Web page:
Value-Added Communications, a company known mainly for its hotel telecommunications services, has branched into a completely different service: rolling out automated teller machines for hotels.
The Dallas-based company has contracted to install ATMs in 300 hotels, including units of Marriott International Inc., in an effort to create the first nationwide cash withdrawal network specifically for hotel guests.
Value-Added has already placed terminals in three Dallas hotels: the 1,600-room Loews Anatole, 450-room Adolphus, and 430-room Westin Galleria.
The company's executives are anticipating rapid growth. Plans call for arrangements with the 1,000-room Boca Raton Resort and Club in Florida as well as a select group of Marriott corporate properties.
At Least 400 Rooms
After an August test run at five hotels within the Texas-based Pulse shared automated teller network, Value-Added's executives decided to limit their partnerships to hotels with 400 or more rooms, to ensure high transaction volumes.
"There are also certain destinations, like Orlando, where even the smaller properties could provide the necessary volume," said senior vice president Reed Hancock, who was recently hired to build and manage the system, called Inn Cash.
Mr. Hancock is a former general manager of Valley Electronic Services Inc., a bank automation company recently acquired by Bank of America.
A $1.95 Surcharge
Besides Pulse, Value-Added is currently working with the Honor and Star ATM networks, and executives are negotiating to sign most of the other dozen or so dominant regional networks. Since the Inn Cash network makes a surcharge of $1.95 per withdrawal, it will not connect with Plus and Cirrus, national networks affiliated with credit card associations. Plus (Visa U.S.A.) and Cirrus (MasterCard International) do not allow surcharging.
Value-Added is using Interbold 1060 cash dispensers from Diebold Inc. The service company has also contracted with the Wells Fargo and Loomis armored car companies to provide support for the machines.
Value-Added officials would not reveal their banking or transaction processing arrangements
"We are positioning a product that surcharges," Mr. Hancock said. "Banks don't look upon that as favorable."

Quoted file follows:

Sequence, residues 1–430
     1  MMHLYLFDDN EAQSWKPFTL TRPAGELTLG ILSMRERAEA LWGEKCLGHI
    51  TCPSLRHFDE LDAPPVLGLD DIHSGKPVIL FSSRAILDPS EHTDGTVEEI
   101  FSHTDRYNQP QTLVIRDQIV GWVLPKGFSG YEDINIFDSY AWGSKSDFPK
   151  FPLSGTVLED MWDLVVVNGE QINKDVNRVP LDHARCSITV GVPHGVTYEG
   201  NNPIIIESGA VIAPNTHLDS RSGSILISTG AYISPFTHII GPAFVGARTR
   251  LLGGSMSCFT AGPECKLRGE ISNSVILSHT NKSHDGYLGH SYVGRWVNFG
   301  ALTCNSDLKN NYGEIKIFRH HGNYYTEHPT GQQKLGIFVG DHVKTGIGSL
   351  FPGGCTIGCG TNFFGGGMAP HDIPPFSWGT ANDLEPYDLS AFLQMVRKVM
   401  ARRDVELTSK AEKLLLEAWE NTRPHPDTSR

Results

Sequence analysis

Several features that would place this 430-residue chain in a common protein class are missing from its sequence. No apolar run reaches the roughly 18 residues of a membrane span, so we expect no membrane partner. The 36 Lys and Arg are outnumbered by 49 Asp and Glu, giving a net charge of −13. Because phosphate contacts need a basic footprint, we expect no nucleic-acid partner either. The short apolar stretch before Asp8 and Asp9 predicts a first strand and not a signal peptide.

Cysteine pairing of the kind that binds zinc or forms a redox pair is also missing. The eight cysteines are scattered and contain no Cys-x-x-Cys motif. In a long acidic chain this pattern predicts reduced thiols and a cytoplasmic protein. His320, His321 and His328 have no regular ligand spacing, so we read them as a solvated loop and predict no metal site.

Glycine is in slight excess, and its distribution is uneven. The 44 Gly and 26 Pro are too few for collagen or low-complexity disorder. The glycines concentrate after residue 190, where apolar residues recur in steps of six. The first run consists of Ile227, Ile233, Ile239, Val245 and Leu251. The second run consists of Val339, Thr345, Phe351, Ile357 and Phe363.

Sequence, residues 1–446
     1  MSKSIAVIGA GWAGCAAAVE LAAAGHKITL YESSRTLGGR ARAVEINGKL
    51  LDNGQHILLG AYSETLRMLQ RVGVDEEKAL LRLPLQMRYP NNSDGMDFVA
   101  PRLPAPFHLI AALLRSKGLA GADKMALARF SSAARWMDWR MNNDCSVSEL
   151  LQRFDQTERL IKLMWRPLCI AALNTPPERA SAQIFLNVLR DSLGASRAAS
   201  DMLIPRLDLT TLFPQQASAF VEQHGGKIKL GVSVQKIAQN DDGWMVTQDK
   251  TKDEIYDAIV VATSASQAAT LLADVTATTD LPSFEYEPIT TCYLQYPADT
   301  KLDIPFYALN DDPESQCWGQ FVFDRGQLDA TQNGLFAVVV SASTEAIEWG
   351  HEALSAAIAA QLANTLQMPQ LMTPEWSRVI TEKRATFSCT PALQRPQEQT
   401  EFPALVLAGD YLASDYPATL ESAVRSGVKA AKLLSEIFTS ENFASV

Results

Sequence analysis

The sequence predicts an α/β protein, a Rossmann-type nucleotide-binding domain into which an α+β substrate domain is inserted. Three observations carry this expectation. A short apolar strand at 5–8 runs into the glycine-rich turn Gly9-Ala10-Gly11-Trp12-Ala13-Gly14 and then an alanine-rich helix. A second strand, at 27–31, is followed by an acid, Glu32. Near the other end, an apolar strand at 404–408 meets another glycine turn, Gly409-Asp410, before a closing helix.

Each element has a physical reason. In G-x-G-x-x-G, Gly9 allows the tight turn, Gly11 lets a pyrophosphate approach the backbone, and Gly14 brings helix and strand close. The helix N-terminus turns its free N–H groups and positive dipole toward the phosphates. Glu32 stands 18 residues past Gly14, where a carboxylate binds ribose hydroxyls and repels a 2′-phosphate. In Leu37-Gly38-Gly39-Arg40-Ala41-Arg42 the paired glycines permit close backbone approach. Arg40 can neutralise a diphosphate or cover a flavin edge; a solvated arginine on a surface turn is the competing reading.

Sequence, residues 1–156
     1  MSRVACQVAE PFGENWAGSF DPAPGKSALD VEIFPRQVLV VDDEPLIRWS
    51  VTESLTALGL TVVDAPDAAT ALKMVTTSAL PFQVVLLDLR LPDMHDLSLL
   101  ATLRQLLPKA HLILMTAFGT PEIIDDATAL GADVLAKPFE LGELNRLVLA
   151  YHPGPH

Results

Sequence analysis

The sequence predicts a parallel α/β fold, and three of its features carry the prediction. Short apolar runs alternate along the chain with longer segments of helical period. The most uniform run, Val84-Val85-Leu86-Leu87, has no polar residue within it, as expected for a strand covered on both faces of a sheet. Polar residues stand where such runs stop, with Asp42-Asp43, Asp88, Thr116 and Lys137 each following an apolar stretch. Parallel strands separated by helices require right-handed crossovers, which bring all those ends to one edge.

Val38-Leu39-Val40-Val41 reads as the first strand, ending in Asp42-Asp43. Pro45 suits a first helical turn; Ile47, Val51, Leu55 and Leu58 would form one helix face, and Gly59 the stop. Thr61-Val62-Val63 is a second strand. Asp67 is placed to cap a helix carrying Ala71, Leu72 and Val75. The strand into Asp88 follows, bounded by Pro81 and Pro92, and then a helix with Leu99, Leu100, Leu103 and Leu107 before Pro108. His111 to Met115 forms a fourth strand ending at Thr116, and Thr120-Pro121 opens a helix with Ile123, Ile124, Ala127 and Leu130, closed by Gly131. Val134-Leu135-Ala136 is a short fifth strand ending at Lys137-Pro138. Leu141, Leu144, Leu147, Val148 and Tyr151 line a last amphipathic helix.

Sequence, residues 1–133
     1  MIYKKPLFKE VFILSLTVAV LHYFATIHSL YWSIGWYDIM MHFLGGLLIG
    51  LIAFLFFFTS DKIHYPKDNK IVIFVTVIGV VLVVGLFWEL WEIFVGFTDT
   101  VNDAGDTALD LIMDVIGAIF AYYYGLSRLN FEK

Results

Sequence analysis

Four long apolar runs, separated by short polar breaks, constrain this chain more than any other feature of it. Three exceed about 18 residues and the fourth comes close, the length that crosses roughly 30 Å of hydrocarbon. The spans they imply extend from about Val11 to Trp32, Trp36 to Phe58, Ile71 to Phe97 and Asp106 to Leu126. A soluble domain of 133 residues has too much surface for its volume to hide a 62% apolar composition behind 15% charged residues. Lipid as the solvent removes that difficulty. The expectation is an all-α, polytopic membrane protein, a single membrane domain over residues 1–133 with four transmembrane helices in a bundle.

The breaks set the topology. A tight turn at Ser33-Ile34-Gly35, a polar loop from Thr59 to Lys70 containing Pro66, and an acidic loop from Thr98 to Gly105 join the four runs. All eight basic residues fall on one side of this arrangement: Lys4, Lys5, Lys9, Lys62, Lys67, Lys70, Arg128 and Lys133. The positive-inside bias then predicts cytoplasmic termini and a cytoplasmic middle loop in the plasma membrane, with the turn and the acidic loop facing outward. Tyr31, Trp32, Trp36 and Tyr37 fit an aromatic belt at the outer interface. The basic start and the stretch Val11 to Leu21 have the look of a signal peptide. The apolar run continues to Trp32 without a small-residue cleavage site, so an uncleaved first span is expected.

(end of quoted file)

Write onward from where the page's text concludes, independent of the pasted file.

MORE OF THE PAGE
The ATMs use dial-up communications rather than the dedicated lines used by most banks to carry transactions. This method is slower, but costs less than dedicated lines. Also, Value-Added intends to replenish ATM cash supplies when they are exhausted, as opposed to the scheduled replenishments followed by most banks.
"We have a fundamentally different approach to dealing with ATMs," said David R. Henkel, Value-Added's chief financial officer.
Mr. Henkel said the program will not be competing with banks, as the terminals will not be in the same locations.
According to Stuart R. Bloom, executive vice president of Carmody & Bloom, a Woodcliff Lake, N.J., consulting firm, the true test of the program will be the volume generated in busy hotels. Although the hotel industry is a relatively "closed market," signing the larger hotels at popular destinations could be crucial.
In the late 1980s, he said, the trend toward placement of ATMs at sites other than bank offices slowed. Since then, Mr. Bloom said, the cost of deployment and support has decreased and consumers have adjusted to the everyday use of off-premises terminals.
"There seems to be a real resurgence in off-site placement at nonbanks," Mr. Bloom said. "They are more of a ubiquitous kind of service - people look for ATMs."
The terminals should be in the first 300 hotels by June, Mr. Hancock said, and he hopes the program will be in 1,200 by the end of next year.
Value-Added Communications started up about five years ago, providing telephone services for hotels. However, Mr. Henkel says, the company has recently "migrated from the mature zero-plus business" - the name refers to the phone dialing sequence - to other services, such as handling collect and debit calls for prison inmates.Inn Cash at a Glance Hotels incontract 300 Participatingnetworks Pulse, Honor, Star ATM supplier Diebold Goal 1,200 hotels by 1995